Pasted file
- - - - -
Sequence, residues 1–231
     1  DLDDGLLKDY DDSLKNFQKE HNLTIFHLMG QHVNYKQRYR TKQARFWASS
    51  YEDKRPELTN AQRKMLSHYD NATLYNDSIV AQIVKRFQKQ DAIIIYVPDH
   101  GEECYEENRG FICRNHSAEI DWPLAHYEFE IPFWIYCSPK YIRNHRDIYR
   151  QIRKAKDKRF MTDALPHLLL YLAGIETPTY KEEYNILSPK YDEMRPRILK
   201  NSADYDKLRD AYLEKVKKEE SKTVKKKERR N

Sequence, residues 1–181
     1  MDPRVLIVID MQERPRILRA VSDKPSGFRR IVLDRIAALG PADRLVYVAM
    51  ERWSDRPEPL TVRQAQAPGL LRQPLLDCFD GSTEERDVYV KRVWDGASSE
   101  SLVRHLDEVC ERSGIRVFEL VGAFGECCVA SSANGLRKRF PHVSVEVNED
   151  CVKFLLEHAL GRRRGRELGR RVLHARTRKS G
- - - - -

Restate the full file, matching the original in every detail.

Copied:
Sequence, residues 1–231
     1  DLDDGLLKDY DDSLKNFQKE HNLTIFHLMG QHVNYKQRYR TKQARFWASS
    51  YEDKRPELTN AQRKMLSHYD NATLYNDSIV AQIVKRFQKQ DAIIIYVPDH
   101  GEECYEENRG FICRNHSAEI DWPLAHYEFE IPFWIYCSPK YIRNHRDIYR
   151  QIRKAKDKRF MTDALPHLLL YLAGIETPTY KEEYNILSPK YDEMRPRILK
   201  NSADYDKLRD AYLEKVKKEE SKTVKKKERR N

Sequence, residues 1–181
     1  MDPRVLIVID MQERPRILRA VSDKPSGFRR IVLDRIAALG PADRLVYVAM
    51  ERWSDRPEPL TVRQAQAPGL LRQPLLDCFD GSTEERDVYV KRVWDGASSE
   101  SLVRHLDEVC ERSGIRVFEL VGAFGECCVA SSANGLRKRF PHVSVEVNED
   151  CVKFLLEHAL GRRRGRELGR RVLHARTRKS G